Liloan, Cebu

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Liloan
Municipality
Bagacay Point Lighthouse
Bagacay Point Lighthouse
Nickname(s): The Light of the North
Motto: Abante Lilo-an!
Map of Cebu Province with Liloan highlighted
Map of Cebu Province with Liloan highlighted
Liloan is located in Philippines
Liloan
Liloan
Location within the Philippines
Coordinates: 10°24′N 123°59′E / 10.4°N 123.98°E / 10.4; 123.98Coordinates: 10°24′N 123°59′E / 10.4°N 123.98°E / 10.4; 123.98
Country Philippines
Region Central Visayas (Region VII)
Province Cebu Province
District 5th District of Cebu
Founded 1845
Barangay 14 (see § Barangays)
Government[1]
 • Type Sangguniang Bayan
 • Mayor Vincent Frasco (UNA)
 • Vice mayor Lucelito Pilapil
 • Town Council
Area[2]
 • Total 45.92 km2 (17.73 sq mi)
Population (2010 census)[3]
 • Total 100,500
 • Density 2,200/km2 (5,700/sq mi)
Time zone PST (UTC+8)
ZIP code 6002
IDD:area code +63 (0)32
Income class 1st class, partly urban
PSGC 072227000
Website www.liloan.gov.ph

Liloan (also Lilo‑an) is a first income class municipality in the province of Cebu Province, Philippines. According to the 2010 census, it has a population of 100,500.[3]

Liloan lies within Metro Cebu.

Barangays[edit]

Liloan comprises 14 barangays:[2]

  • Cabadiangan
  • Calero
  • Catarman
  • Cotcot
  • Jubay
  • Lataban
  • Mulao
  • Poblacion
  • San Roque
  • San Vicente
  • Santa Cruz
  • Tabla
  • Tayud
  • Yati

History[edit]

Along its coastline, there is spot called Silot, where a whirlpool is created by the ebbs and flows of the waters from the bay. This phenomenon is called lilo in Cebuano. Because of this, the town was known as Liloan, meaning "a place where there is a lilo".

Some time in the 1970s, a newspaper article stated that the "pueblo de Lilo‑an" was separated from the municipality of Mandaue (now Mandaue City), and was created a new municipality in 1840. However, in his "Breve reseña de lo que fue y de lo que es la Diócesis de Cebú en las Islas Filipinas," Redondo 1886 states that Lilo‑an was created as a parish in 1845 (in 1995, Lilo‑an celebrated its sesquicentennial - 150th – anniversary.)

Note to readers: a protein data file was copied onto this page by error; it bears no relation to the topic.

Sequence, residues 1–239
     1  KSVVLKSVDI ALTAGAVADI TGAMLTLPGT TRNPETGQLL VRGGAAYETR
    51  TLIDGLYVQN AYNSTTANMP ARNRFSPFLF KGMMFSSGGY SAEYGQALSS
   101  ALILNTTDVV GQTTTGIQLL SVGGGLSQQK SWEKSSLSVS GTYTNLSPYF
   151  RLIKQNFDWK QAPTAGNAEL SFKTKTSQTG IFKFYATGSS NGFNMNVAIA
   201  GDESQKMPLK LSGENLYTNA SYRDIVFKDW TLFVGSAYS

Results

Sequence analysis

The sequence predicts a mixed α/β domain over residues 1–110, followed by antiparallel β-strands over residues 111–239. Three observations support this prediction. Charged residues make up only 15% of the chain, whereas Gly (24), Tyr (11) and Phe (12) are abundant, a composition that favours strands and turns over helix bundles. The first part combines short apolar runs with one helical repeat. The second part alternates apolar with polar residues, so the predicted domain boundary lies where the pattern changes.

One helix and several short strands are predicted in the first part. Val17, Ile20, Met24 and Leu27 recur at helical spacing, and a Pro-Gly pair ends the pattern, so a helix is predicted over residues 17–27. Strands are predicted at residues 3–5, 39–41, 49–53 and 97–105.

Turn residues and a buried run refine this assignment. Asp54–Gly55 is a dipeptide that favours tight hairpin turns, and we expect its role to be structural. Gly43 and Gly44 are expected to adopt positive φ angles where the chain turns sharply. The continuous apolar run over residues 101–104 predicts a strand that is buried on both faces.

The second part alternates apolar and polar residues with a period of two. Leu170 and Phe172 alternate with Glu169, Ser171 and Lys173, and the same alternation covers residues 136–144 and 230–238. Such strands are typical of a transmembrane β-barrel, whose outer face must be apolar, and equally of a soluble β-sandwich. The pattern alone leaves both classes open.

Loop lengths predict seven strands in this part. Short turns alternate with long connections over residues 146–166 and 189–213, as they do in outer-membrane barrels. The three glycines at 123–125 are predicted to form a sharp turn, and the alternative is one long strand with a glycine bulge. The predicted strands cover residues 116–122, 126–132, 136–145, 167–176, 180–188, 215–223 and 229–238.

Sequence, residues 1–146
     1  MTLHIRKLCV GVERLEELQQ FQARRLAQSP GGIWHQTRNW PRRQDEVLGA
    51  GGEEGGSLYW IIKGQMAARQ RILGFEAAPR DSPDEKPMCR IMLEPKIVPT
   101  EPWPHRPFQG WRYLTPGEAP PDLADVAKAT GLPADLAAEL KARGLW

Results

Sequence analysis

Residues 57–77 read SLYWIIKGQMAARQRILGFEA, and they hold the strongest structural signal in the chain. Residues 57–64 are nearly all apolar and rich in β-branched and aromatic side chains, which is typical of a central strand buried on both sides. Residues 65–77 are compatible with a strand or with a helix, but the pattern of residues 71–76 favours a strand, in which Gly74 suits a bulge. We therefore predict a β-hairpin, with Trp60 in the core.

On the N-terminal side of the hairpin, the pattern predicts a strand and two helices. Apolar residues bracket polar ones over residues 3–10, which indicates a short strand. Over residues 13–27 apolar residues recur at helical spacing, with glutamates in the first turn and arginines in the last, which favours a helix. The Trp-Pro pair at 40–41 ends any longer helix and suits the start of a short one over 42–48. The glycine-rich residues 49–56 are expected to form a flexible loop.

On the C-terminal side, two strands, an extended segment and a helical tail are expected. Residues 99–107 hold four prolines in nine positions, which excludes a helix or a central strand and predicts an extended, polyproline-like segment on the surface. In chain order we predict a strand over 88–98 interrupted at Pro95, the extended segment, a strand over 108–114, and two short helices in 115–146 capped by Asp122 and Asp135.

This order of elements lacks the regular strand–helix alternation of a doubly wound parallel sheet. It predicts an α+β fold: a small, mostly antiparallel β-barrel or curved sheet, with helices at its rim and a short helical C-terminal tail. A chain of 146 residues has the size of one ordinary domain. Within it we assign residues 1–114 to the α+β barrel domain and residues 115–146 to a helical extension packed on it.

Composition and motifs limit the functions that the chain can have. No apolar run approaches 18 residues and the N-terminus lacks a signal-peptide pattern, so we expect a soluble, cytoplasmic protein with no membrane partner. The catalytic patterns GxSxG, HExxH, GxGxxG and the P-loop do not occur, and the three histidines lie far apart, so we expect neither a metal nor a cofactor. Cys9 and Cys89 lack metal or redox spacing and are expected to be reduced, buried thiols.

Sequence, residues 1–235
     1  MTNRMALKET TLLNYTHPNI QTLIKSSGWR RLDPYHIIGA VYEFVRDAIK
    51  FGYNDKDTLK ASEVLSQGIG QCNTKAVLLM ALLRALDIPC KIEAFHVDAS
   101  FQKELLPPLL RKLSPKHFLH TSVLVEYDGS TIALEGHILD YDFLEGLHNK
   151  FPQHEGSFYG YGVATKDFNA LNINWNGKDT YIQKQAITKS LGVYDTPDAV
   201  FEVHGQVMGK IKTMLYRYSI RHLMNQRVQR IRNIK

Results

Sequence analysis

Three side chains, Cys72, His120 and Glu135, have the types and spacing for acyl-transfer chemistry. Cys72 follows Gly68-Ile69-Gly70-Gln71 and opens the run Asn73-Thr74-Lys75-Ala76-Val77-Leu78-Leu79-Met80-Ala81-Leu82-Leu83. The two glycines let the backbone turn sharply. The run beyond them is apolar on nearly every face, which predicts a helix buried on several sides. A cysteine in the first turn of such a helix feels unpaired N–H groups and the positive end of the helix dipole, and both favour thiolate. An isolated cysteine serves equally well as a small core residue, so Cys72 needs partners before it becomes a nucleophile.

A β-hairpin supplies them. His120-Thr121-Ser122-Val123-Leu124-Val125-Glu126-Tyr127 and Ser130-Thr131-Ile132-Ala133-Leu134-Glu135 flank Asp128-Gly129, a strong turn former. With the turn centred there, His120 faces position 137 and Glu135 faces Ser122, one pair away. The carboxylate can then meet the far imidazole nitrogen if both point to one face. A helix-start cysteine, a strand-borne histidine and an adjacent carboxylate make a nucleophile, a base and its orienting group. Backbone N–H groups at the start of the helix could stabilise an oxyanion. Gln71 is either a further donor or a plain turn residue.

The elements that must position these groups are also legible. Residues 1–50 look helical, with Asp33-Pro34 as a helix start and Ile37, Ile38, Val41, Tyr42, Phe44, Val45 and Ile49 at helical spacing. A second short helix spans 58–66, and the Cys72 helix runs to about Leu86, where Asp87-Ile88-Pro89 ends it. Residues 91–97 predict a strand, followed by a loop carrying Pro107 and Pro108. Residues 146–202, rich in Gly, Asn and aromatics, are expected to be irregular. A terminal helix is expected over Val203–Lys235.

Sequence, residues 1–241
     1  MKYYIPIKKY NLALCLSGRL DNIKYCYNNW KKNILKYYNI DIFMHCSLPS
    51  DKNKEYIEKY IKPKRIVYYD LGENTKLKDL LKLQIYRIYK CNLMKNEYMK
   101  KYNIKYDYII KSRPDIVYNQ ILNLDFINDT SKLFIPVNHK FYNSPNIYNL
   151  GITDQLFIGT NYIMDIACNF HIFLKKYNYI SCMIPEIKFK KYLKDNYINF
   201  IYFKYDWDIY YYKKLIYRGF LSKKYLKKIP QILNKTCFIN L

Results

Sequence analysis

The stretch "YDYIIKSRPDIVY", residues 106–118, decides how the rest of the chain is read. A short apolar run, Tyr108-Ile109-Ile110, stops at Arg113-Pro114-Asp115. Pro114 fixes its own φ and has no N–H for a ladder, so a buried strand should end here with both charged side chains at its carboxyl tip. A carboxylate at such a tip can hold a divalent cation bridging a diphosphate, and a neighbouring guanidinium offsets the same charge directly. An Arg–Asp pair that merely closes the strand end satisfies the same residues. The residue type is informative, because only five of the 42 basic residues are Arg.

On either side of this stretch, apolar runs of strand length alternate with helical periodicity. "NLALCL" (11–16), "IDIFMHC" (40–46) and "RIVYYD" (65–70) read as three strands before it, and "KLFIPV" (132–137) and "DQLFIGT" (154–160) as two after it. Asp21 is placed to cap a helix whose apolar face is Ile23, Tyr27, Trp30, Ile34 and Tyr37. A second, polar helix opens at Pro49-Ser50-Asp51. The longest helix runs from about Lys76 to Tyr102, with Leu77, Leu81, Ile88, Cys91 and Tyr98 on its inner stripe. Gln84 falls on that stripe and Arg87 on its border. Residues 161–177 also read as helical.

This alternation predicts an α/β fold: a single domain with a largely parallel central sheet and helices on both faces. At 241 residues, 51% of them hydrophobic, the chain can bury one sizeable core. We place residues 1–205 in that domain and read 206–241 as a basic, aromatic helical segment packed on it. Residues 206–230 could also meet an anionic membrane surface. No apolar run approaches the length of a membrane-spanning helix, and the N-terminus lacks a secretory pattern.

The creation of the municipality of Lilo‑an could have been at the same time the parish was established, but not earlier than its being a parish. As recorded, the first priest of Lilo‑an served in 1845. The term of the first mayor was from 1845–1846.

During the war years (World War II), Lilo‑an had three mayors at one time. The elected mayor was Catalino Noval. The Japanese Occupation Forces appointed another, Pascual Delgado. Not to be outdone, the Guerilla Forces also designated another, Jose Cañete.

Demographics[edit]

Population census of Liloan
Year Pop. ±% p.a.
1990 42,587 —    
1995 50,973 +3.43%
2000 64,970 +5.34%
2007 92,606 +5.01%
2010 100,500 +3.02%
Source: National Statistics Office[3][4]

Landmarks[edit]

Lighthouse[edit]

One of the best known landmarks in Lilo‑an is its historic lighthouse at Bagacay Point. The original lighthouse was built in 1857 by the Spanish. The current tower was constructed in 1904 by order of William Howard Taft,[5] the first Governor-General of the Philippines and later the President of the United States. The tower is 22 metres (72 ft) tall and remains in active use today, using solar energy.[6] The lighthouse was declared a National Historical Landmark[7] on August 13, 2004 by the National Historical Commission of the Philippines (formerly known as National Historical Institute).

Liloan Church (San Fernando Rey Parish Church)[edit]

The San Fernando Rey Parish Church